CALPERS: Rate Hikes May Portend Health Care Inflation
With its 1 million enrollees, CalPERS' 9.7% premium increase for contracted HMOs may be a harbinger of health care inflation to come -- the likes of which hasn't been seen since the early 1990s, American Medical News reports. Of the increases, which will take effect in January, the largest went to Kaiser Permanente, which was $288 million in the red last year and plans to increase rates between 10% and 20% in California. Lifeguard Inc. and Health Plan of the Redwoods also received double-digit increases, while PacifiCare, Cigna Healthcare and Maxicare received the lowest increase. Universal Care, a new, cheaper HMO, will be added the plan. While recognizing the need for HMOs to stabilize their finances, CalPERS criticized Kaiser and Health Net for reacting too slowly to increasing costs, which HMOs attributed to rising drug costs, legislative mandates, minimum hospital maternity stays and CalPERS' generous benefit package.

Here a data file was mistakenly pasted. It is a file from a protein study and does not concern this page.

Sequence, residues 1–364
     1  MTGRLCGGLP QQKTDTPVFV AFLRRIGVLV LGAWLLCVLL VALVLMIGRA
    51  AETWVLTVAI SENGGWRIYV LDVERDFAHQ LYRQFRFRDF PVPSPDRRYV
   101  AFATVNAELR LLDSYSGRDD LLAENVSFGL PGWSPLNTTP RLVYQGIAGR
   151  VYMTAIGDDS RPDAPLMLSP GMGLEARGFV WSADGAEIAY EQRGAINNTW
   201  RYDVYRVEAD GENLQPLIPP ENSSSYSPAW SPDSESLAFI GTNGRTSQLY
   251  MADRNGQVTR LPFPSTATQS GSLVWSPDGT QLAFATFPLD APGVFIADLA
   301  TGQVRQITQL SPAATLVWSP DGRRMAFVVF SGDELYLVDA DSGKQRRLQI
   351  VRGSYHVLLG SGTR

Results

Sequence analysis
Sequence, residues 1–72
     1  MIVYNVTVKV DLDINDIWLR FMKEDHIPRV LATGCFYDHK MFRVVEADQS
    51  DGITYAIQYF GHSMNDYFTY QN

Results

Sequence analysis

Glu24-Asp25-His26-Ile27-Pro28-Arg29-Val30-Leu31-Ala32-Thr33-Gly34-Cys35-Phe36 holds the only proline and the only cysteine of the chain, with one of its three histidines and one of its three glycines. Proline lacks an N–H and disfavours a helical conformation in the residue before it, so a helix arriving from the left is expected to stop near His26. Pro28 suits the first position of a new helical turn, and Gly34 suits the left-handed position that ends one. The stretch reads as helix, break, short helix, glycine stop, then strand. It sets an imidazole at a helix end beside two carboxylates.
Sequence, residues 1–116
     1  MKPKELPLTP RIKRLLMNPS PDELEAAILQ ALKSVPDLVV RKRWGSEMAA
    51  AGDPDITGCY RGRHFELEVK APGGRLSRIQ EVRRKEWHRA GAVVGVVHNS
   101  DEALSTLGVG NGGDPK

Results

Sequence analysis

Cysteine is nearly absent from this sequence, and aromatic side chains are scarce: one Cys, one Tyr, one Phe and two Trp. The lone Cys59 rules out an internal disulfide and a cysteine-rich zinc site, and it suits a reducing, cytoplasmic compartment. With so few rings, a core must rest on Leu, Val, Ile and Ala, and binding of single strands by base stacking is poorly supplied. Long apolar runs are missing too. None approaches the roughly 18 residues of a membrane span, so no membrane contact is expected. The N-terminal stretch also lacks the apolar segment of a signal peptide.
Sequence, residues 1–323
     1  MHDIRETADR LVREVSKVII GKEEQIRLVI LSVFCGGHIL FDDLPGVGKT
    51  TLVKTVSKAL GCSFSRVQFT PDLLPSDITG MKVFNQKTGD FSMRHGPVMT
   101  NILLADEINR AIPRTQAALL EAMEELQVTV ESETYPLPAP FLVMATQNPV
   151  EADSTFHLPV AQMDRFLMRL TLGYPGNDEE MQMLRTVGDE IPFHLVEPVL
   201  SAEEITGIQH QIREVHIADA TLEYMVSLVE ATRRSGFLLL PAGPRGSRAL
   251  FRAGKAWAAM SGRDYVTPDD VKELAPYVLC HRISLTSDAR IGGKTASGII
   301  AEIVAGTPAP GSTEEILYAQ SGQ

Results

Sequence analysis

Vying for a Piece of the Pie
Physicians, meanwhile, are waiting to see whether the increases will be passed on in the form of higher salaries. While some physicians note that contracts and incomes are locked into place for two or three years, HMO officials say they have or are planning to hike reimbursements. Blue Shield of California has increased capitation rates during the past two years, while Lifeguard recently increased reimbursements to primary care physicians by 5%. "If we can see it come down to us, then we will be a little more comforted by the increase," said Dr. Ronald Bangasser, medical director for the Beaver Medical Group in Redlands, which saw physician salaries drop by 30% over the past three years (Jacob, 6/7 issue).